Dueling auditor measures debated

April 14, 2018

With a month remaining until the election, backers of the dueling city auditor measures faced off publicly for the first time Friday, disagreeing about every major part of the opposing measures as they attempted to sway voters to their side.

The debate before the City Club of Eugene included 15-minute opening statements by backers of each measure and a question-and-answer session.

Each measure would change the Eugene City Charter, the document that defines municipal government’s authority and functions. Measure 20-283, which a grass-roots group put on the ballot through a petition initiative, would establish an office for a city auditor elected by voters. Measure 20-287, proposed by another group and referred to the ballot by the City Council, would allow the council to hire an auditor who would be overseen by a council-appointed citizen review board.

Bonny Bettman McCornack, a key backer of Measure 20-283, said an elected auditor would be independent from city councilors and the city manager. An elected auditor would be free to identify problems and root out waste, she said.

Bettman said opponents of the measure most object to the independence.

“They don’t want an auditor unless they have complete control over the auditor’s activities, especially looking at the books,” she said.

Joshua Skov, who ran for City Council two years ago and backs competing Measure 20-287, told the City Club of Eugene that an elected auditor could be more political than an independent one.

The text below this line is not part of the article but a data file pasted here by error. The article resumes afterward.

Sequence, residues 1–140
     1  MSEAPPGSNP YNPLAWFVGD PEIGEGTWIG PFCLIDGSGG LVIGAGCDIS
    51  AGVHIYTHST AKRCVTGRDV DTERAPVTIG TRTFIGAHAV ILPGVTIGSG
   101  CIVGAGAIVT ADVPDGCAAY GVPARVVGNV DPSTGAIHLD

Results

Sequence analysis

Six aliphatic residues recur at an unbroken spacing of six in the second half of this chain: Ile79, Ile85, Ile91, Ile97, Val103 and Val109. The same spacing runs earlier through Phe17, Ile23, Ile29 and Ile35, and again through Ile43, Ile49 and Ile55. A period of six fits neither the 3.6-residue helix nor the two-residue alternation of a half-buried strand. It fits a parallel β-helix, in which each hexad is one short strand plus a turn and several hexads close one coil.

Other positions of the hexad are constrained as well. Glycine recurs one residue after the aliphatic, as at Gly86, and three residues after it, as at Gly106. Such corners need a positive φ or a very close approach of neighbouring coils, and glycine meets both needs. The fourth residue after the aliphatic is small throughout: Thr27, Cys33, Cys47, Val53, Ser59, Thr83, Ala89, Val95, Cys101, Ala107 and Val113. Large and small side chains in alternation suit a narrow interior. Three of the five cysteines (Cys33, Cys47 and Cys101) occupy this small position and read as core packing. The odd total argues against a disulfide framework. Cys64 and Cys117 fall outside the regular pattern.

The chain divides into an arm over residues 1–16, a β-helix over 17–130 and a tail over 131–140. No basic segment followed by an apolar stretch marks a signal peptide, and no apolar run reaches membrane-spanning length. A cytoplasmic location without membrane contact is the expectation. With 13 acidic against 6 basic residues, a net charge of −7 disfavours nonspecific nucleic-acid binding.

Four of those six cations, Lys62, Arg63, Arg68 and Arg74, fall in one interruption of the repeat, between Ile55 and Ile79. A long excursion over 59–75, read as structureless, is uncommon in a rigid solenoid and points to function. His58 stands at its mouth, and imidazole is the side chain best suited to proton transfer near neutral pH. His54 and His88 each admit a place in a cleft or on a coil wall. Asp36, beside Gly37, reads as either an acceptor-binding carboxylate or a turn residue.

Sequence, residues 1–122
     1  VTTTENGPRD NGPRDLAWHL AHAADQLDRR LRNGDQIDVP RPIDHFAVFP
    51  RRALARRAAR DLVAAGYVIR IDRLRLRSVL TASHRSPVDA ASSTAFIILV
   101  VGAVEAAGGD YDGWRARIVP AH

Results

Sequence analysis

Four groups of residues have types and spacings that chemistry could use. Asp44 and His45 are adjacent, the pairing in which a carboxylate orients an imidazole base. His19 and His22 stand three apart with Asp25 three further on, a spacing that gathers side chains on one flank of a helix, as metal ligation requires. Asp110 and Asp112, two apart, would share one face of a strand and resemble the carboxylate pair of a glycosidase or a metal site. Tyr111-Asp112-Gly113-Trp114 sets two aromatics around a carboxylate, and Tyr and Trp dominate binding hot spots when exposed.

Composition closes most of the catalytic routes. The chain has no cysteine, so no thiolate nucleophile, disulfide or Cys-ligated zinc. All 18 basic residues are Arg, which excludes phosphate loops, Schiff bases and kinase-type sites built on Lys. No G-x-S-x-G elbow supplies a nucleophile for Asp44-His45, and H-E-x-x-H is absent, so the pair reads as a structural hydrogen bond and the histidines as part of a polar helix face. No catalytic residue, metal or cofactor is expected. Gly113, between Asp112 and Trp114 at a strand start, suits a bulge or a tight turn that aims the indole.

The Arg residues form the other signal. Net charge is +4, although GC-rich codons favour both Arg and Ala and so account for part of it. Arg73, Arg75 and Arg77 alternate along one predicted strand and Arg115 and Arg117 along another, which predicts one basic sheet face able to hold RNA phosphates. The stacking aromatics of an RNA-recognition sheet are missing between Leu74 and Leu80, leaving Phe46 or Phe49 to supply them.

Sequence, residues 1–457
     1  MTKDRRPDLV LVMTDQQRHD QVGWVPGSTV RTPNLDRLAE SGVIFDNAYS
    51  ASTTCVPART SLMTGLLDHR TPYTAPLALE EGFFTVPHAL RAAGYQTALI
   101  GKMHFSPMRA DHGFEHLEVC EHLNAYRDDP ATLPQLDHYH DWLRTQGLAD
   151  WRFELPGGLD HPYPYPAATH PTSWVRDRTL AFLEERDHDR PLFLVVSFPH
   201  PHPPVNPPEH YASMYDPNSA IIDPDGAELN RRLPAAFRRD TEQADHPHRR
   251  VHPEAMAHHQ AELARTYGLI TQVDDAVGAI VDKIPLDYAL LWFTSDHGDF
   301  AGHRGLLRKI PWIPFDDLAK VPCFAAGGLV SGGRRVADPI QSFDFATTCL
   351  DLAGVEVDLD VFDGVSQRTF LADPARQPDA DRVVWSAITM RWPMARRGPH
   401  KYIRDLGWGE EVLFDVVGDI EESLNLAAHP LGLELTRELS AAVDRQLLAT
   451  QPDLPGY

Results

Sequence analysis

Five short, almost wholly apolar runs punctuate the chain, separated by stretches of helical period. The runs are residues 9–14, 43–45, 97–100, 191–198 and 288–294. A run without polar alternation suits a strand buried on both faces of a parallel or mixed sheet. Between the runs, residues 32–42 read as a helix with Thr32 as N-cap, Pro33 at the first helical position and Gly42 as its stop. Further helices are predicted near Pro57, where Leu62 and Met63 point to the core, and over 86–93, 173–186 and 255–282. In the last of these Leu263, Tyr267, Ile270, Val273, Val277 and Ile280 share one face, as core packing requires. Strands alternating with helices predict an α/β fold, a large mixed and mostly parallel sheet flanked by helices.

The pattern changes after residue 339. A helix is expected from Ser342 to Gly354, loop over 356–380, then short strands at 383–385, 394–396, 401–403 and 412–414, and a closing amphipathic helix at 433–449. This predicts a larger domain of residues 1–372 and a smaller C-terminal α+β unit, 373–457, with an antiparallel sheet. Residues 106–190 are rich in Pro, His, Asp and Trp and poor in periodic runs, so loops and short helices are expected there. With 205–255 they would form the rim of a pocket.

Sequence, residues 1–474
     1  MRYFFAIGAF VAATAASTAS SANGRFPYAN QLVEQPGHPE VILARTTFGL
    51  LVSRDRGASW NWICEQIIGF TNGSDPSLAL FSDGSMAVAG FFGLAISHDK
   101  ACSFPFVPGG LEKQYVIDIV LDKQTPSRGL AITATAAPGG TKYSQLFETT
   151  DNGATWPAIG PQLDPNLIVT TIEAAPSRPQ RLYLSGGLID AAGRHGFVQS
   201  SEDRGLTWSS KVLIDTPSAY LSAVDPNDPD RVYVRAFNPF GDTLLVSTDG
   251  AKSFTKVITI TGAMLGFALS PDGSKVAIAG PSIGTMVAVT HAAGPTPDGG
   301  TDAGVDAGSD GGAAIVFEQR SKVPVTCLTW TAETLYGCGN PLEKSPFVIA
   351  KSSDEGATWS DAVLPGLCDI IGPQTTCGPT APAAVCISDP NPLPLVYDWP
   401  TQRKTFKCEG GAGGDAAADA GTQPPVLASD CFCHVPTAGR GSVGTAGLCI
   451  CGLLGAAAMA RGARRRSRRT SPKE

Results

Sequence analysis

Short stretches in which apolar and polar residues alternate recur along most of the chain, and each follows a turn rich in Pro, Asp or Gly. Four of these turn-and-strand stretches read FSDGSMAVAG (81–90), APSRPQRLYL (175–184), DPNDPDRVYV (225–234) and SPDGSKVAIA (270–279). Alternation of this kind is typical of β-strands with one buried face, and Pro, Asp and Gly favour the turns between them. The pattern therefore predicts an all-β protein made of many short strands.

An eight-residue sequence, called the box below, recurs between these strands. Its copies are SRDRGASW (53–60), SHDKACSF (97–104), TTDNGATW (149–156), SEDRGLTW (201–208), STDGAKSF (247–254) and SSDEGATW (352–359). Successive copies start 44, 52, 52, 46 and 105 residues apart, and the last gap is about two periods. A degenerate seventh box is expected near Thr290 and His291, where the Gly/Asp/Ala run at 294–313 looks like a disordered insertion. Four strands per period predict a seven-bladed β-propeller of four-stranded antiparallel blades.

Skov said an auditor operating without citizen oversight is a “fundamental undemocratic flaw” as he or she could operate and make decisions largely out of public view.

Bettman and Skov disagreed over the public cost for the competing measures.

Measure 20-283 establishes a budget for the elected auditor’s office of at least one-tenth of 1 percent of the city’s total budget, or $677,000 in the current budget year. Measure 20-287 sets a minimum budget of $250,000.

The auditor’s salary would be paid out of those budgets. Measure 20-283 requires the elected auditor’s salary to be the average of the salaries paid to the Eugene and Salem city managers and the Eugene Water & Electric Board’s general manager. City councilors would set the appointed auditior’s salary.

The $21,000-a-year raise EWEB recently awarded to General Manager Frank Lawson boosted the proposed elected auditor’s salary to $169,898, said backers of Measure 20-287, more than Oregon’s governor, secretary of state and Supreme Court justices. Skov called the pay “unreasonable” and “truly overpriced.”

Bettman countered that the proposed salary falls below Eugene’s city attorney and the county’s district attorney. Even if residents believe public officials are paid too much, she said, the elected auditor “still has to work on a level playing field with the officials whose programs and departments she or he will be auditing.”

The proposed appointed auditor’s budget “isn’t a genuine attempt to provide oversight, but the smaller price tag is good optics for their campaign,” Bettman said of opponents.

Municipal government could easily pay for the elected auditor’s expenses out of its existing budget, Bettman said, noting that the budget has money designated for city jobs that may be vacant.

Skov disagreed, saying the city’s operating budget is stretched thin.

“We don’t have a lot of fat to trim,” he said. “Trying to have a budget that is extravagant is bad strategy.”

Bettman and Skov also debated the importance of requiring a city auditor to live within Eugene. Measure 20-287 has such a requirement; Measure 20-283 does not.

Skov said the requirement, which applies to Eugene’s city manager and department directors, is beneficial and its absence in the competing measure “is just goofy.”

“It’s a commitment to the community,” he said. “You should be here to do those things.”

Bettman said having a city auditor who lives in Creswell or Springfield, as examples, provides a “healthy benefit” toward preserving objectivity. Living outside of Eugene means there’s less chance for the auditor to socialize with city employees whose department could be the subject of scrunity, she said.

Follow Christian Hill on Twitter @RGchill . Email christian.hill@registerguard.com .